House of Bondage

Newsweek - - News - BY MARIE SO­LIS

Slav­ery is still alive and flour­ish­ing in Mau­ri­ta­nia. Just ask the Haratin, many of whom con­tinue to suf­fer in servitude.

THE MAU­RI­TA­NIAN GOV­ERN­MENT DOESN’T WANT YOU to know that 10 to 20 per­cent of its peo­ple are en­slaved. Of­fi­cials don’t want you to think about how the West African coun­try was the last to abol­ish slav­ery, in 1981, and didn’t crim­i­nal­ize the prac­tice un­til just over a decade ago, in 2007. They don’t want you to imag­ine the con­di­tions of the for­mer slaves, known as Haratin, who now form Mau­ri­ta­nia’s low­est caste, living in ex­treme poverty un­der a regime that de­nies them ac­cess to work, ed­u­ca­tion and the ba­sic rights that come along with cit­i­zen­ship.

And they cer­tainly don’t want you to see it.

That’s why when Seif Kous­mate, a pho­tog­ra­pher based in Morocco, set out to cap­ture the ev­ery­day lives of the coun­try’s Haratin peo­ple, Mau­ri­ta­nian au­thor­i­ties ar­rested, jailed and in­ter­ro­gated him. They re­leased Kous­mate four days later, re­turn­ing his lap­top and cam­era, but held on to mul­ti­ple mem­ory cards with pho­tos he’d taken dur­ing the month he spent in Haratin vil­lages, where tents and shanties dot the desert land­scape.

Since the gov­ern­ment de­nies any pres­ence of slav­ery, there is no of­fi­cial data for how many slaves ex­ist; num­bers range from 340,000 to 680,000. “The gov­ern­ment claims lo­cal ac­tivists in­vent th­ese is­sues,” Kous­mate says. “The fact that I had pic­tures and au­dio in­ter­views of for­mer slaves was a valid proof that it ex­isted and still ex­ists. That is why they con­sid­ered my pic­tures a threat.”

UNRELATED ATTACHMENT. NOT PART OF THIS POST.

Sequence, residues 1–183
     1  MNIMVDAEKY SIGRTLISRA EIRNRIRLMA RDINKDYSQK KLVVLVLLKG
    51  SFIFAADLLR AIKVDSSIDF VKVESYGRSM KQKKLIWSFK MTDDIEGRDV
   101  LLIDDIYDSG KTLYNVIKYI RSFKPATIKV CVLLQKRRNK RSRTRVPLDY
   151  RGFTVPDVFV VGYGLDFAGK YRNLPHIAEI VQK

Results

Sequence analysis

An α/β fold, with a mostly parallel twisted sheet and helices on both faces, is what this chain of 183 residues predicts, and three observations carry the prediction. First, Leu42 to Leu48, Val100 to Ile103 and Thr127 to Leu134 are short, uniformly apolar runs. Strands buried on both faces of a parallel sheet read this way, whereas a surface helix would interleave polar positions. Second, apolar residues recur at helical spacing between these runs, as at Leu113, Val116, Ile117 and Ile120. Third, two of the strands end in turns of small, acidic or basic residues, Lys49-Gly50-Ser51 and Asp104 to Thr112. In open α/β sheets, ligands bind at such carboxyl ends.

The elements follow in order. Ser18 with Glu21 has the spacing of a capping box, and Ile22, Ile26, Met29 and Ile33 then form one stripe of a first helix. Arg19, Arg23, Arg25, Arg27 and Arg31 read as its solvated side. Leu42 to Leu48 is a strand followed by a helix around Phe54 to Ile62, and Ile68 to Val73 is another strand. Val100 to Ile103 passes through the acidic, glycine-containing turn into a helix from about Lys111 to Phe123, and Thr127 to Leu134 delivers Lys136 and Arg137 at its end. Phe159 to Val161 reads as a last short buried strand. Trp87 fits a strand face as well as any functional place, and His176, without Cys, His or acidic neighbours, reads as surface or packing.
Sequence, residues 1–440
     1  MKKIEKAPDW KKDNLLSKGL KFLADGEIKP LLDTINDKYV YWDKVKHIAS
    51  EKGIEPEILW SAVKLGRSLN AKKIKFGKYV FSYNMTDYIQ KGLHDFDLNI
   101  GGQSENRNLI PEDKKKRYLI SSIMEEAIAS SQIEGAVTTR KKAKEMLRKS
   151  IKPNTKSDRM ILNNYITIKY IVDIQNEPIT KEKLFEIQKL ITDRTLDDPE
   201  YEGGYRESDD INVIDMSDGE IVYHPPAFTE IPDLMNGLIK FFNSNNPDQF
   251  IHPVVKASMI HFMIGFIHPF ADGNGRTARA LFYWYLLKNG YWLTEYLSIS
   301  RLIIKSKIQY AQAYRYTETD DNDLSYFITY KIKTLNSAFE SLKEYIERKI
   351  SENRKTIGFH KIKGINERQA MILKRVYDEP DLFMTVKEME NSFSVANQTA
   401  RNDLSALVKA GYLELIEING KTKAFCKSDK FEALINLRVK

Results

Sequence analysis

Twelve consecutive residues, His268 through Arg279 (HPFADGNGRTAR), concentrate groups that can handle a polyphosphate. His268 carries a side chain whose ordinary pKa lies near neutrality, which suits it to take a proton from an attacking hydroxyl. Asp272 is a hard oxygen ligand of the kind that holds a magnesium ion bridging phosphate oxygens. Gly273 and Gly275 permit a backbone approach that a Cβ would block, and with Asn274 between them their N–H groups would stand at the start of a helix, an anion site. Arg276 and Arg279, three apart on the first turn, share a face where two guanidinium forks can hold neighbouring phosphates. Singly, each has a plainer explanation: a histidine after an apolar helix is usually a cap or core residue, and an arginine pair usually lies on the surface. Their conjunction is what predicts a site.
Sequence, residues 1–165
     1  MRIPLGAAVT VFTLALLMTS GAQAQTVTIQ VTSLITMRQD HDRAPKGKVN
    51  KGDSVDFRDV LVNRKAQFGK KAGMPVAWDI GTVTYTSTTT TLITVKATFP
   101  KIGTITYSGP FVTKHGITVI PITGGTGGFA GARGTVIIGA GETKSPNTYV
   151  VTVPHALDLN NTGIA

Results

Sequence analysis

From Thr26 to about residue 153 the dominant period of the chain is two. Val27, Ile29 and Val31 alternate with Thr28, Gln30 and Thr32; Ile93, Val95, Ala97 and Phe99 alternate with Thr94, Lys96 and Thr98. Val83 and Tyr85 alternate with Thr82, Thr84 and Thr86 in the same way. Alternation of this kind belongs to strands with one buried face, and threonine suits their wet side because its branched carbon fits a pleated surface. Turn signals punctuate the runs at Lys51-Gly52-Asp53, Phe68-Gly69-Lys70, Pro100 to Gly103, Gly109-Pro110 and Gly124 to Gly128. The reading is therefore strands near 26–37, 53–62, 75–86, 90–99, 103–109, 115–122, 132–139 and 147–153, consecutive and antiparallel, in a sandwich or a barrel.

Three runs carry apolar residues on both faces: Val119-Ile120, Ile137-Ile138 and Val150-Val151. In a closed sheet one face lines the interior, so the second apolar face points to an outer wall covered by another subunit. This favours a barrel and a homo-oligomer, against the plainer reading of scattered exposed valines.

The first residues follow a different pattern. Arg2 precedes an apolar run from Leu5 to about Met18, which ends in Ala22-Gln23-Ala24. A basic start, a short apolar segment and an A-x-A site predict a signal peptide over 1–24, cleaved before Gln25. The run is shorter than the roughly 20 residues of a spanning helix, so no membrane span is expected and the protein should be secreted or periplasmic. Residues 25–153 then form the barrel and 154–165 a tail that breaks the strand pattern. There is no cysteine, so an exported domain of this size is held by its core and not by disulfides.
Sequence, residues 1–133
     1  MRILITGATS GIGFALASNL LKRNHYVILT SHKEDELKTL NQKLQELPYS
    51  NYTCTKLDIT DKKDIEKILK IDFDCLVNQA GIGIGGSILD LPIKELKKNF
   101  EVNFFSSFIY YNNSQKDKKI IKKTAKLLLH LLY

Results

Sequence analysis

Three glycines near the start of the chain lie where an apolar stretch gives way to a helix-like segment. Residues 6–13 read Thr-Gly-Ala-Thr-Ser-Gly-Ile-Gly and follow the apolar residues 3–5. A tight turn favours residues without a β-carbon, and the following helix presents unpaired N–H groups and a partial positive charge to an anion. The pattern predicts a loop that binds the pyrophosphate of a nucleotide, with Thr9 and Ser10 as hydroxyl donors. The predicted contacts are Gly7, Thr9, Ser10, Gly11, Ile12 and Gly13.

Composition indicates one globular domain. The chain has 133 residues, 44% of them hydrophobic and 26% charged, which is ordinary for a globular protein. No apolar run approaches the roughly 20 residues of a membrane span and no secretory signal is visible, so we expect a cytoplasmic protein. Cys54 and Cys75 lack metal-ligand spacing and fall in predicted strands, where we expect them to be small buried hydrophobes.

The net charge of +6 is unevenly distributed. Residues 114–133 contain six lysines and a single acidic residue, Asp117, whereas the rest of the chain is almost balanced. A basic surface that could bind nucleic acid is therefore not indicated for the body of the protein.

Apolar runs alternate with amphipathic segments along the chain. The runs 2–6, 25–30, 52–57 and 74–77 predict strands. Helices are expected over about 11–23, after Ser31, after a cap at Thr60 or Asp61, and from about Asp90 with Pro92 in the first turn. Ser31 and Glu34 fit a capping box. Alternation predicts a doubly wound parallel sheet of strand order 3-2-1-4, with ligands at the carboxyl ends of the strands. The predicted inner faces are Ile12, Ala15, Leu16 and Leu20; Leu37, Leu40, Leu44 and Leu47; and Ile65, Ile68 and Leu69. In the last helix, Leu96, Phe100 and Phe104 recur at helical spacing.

Mau­ri­ta­nian ac­tivists and in­ter­na­tional hu­man­i­tar­ian groups con­tinue to sound alarm bells about the con­di­tions, and the United Na­tions has pro­posed a num­ber of steps the gov­ern­ment could take to end the suf­fer­ing. Kous­mate hopes he can shed light on the hu­man rights abuse with his por­traits.

“The most im­por­tant thing I felt needed to be cap­tured is the suf­fer­ing from their pre­vi­ous lives as slaves,” says Kous­mate, “but also from the iso­la­tion and dis­crim­i­na­tion they con­tinue to face.” Even when they are freed “their sit­u­a­tion does not get much bet­ter.”

LIVING PROOF Mabrouka Mint Aichetou, 20, was taken from her mother (pre­vi­ous page) when she was a child. Re­leased from slav­ery in 2011, she con­tin­ues to suf­fer pain from burn scars in­ad­e­quately treated by her for­mer masters.

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